Urban mining in urban areas

2018/09/01 Agirre Ruiz de Arkaute, Aitziber - Elhuyar Zientzia Iturria: Elhuyar aldizkaria

From the mountain to the city, it is the road that is touring mining. Those valuable raw materials that previously hid the mountains now accumulate in the electronic garbage of the cities. Billions of tons of new electronic waste every year and billions of euros inside. For the first time, data have been collected on valuable metals and materials present in European electronic waste, with the aim of promoting mining and industrial metabolism in cities.
Ed. Amy Walters/Shutterstock.com

Phones, computers, printers, digital cameras, refrigerators, dishwashers… Only the European Union, Norway and Switzerland created 10.5 million tons of electrical and electronic devices in 2016. 23% of the world generation. In addition, another 2 million tons of batteries and 7 million vehicles.

They are a consequence of the society of information and excessive consumption, as well as the trend of the electronic industry: many electronic devices are irreparable from the design. Moreover, it is not recyclable, due to the complexity of the miniaturization of its parts. The rapid development of new software makes every time we have to innovate more often. Conclusion: e-garbage, tons.

Transferring the data to one: each of us has an average of 250 kg of electronics, 17 kg of batteries and 600 kg of vehicles, taking into account the electrical and electronic devices that are in homes, companies and public spaces, and in the short and medium term we will probably throw them away. At a time when recycling is constantly spoken of, it should not be forgotten that 76% of the discarded electronics accumulate directly in landfills or are burned in incinerators.

A heritage in the garbage

These 44.7 billion tons of electronic waste, generated in a world year, contain a lot of dangerous substances and pollutants, but also a treasure that many would wish for themselves: 55 billion € in precious metals and high value materials, according to the report of the University of the United Nations.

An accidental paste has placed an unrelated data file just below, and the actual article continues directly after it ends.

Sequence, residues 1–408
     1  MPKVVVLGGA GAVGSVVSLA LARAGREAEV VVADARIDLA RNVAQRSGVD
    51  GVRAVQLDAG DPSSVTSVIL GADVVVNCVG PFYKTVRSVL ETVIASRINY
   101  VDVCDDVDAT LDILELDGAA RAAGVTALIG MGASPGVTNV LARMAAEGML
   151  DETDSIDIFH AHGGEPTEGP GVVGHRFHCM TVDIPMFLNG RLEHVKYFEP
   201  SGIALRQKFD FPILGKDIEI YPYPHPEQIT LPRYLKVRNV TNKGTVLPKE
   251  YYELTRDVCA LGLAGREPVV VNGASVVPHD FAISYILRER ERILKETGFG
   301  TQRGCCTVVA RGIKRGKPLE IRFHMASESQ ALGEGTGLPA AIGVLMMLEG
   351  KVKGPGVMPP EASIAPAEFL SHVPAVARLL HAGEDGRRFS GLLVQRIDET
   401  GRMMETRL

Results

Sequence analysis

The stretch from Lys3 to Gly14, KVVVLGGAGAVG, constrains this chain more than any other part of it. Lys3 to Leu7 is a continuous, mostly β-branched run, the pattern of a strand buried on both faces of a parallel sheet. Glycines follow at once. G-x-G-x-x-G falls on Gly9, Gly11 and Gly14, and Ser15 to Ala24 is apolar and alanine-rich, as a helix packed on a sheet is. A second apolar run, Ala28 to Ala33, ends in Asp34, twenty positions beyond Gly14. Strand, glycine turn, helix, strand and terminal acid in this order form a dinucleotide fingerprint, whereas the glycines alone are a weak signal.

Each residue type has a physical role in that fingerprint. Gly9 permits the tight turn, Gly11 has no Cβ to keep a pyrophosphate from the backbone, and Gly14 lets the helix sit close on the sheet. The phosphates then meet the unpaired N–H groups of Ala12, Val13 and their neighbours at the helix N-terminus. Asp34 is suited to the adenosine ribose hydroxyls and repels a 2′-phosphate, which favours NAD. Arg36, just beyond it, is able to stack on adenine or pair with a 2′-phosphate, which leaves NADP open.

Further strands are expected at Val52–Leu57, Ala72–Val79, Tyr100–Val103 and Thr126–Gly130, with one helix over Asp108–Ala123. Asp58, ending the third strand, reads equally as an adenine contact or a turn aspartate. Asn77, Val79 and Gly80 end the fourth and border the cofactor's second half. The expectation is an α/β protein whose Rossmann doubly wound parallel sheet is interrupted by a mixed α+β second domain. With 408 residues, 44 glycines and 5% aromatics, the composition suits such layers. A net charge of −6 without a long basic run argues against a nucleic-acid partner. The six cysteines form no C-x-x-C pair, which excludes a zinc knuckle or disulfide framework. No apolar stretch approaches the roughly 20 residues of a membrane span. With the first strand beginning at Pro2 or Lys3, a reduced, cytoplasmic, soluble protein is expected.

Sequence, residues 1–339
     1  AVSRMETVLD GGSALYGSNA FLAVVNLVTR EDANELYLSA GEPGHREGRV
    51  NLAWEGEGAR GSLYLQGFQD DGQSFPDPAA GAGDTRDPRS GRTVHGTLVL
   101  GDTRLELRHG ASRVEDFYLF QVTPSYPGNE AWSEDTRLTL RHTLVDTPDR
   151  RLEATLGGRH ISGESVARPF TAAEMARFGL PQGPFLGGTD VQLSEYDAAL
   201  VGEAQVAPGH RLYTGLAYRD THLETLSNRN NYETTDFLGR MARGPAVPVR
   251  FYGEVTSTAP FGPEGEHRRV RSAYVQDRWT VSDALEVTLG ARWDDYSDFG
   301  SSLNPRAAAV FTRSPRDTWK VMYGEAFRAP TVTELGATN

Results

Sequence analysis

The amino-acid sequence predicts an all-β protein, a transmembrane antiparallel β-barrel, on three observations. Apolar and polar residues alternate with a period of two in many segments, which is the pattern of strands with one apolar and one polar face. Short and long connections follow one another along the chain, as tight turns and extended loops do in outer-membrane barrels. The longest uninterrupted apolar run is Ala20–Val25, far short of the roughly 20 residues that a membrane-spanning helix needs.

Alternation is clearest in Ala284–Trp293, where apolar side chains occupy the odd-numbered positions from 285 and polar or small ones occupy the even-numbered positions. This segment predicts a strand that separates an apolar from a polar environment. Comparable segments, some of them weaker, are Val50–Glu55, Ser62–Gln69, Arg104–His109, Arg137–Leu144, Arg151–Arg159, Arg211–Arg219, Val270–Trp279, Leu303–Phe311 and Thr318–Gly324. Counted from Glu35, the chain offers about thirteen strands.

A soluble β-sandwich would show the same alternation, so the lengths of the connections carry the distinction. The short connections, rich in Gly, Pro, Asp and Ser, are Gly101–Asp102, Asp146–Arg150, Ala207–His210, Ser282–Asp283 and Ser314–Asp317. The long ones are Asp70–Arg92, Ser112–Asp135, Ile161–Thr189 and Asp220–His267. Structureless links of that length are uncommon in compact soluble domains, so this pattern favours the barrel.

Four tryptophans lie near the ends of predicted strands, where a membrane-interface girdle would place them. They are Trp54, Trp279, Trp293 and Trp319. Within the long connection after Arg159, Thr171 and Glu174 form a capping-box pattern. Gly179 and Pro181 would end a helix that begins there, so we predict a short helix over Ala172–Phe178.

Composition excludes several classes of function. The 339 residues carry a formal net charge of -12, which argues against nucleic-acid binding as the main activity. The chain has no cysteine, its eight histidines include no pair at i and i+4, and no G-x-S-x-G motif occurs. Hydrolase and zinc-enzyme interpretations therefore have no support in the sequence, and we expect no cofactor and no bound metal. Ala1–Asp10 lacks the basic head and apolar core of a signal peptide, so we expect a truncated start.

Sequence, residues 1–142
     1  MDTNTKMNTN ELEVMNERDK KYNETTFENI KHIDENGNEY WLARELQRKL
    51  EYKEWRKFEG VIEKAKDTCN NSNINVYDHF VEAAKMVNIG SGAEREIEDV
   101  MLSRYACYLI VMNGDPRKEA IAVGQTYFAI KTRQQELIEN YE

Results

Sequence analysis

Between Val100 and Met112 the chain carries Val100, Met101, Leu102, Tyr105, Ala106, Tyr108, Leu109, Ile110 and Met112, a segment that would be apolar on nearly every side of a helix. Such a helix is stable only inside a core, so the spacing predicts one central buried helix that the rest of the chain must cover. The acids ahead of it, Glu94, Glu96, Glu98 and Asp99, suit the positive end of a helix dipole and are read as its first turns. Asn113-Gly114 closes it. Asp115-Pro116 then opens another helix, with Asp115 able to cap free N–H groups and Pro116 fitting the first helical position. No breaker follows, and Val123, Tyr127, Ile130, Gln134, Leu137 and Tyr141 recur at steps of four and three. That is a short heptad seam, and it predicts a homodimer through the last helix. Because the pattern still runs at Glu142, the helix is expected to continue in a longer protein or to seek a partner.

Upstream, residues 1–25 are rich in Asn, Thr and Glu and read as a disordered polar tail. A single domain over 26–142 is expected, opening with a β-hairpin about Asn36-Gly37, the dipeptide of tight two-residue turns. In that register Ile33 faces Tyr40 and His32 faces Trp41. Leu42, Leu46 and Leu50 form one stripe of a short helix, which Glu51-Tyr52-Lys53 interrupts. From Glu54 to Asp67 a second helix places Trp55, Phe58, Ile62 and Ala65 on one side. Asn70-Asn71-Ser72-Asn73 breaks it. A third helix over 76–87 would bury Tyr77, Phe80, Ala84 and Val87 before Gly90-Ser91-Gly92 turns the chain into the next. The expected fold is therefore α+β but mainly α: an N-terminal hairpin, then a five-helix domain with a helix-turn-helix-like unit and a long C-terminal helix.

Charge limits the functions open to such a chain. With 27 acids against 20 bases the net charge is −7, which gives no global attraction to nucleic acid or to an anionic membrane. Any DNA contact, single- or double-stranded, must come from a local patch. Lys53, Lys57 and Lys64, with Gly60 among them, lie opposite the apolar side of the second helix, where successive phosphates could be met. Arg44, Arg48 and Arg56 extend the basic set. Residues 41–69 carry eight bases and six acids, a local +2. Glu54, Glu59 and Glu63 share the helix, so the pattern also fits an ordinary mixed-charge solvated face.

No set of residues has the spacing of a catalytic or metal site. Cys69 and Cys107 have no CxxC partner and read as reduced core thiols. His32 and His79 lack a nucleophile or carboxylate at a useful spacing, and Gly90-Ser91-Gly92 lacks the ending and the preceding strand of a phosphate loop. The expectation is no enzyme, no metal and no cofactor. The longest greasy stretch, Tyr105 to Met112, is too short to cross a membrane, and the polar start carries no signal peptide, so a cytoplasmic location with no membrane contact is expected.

Among these valuable resources are neodymium, essential to create permanent motor magnets, the Indian, used in flat screens, and cobalt, used in rechargeable batteries. A significant fact is that a simple smartphone contains about 40 raw materials, many of them of great purity. That purity makes it valuable.

Vehicles are also an important source of basic secondary metals: 213 million tons of steel, 24 million tons of aluminum and 7,3 million tons of copper are vehicles rolled in Europe. In addition, catalysts contain platinum and palladium, and critical raw materials abound in electronic components. There are still few discarded electric vehicles, but soon they will also be an important source of raw materials such as neodymium, lithium or cobalt.

Map of e-trash

The presence of this type of heritage in the garbage has led to a curious phenomenon: mining is moving from the mountain to the city, where the most appreciated raw materials are concentrated. And seeing the potential of new mining, the European Union has developed new tools for this: it has created the first database of materials available for urban mining. The project, called ProSUM, has created the Urban Mining Platform to make the data available to everyone.

So far, public institutions, universities, industry and non-governmental organizations collected data in a very dispersed way. It was difficult to have a complete vision. On this occasion they have jointly mapped the valuable resources of electronic waste and obsolete vehicles. In this way, the characterization of the potential for reuse of secondary raw materials will allow identifying the potential for reuse of them. In addition to information on the composition and purity of the components, the new database includes data on waste flow and leakage.

Industrial metabolism

The reports made by the University of the United Nations show the difficulty of identifying and recovering all these raw materials. First, every year millions of tons of old electronic devices are illegally expelled to Africa and Asia, where there is no recycling infrastructure. 40% of European vehicles end up in their garbage mountains.

Therefore, to meet the objectives of the ProSUM project, they consider it key that Europe deals with its electronic waste without being sent to third parties and focuses on industrial metabolism. That is to say, in the design of the devices we take into account from the beginning that at the end of their life they should become secondary raw material for a new process.

Gai honi buruzko eduki gehiago

Elhuyarrek garatutako teknologia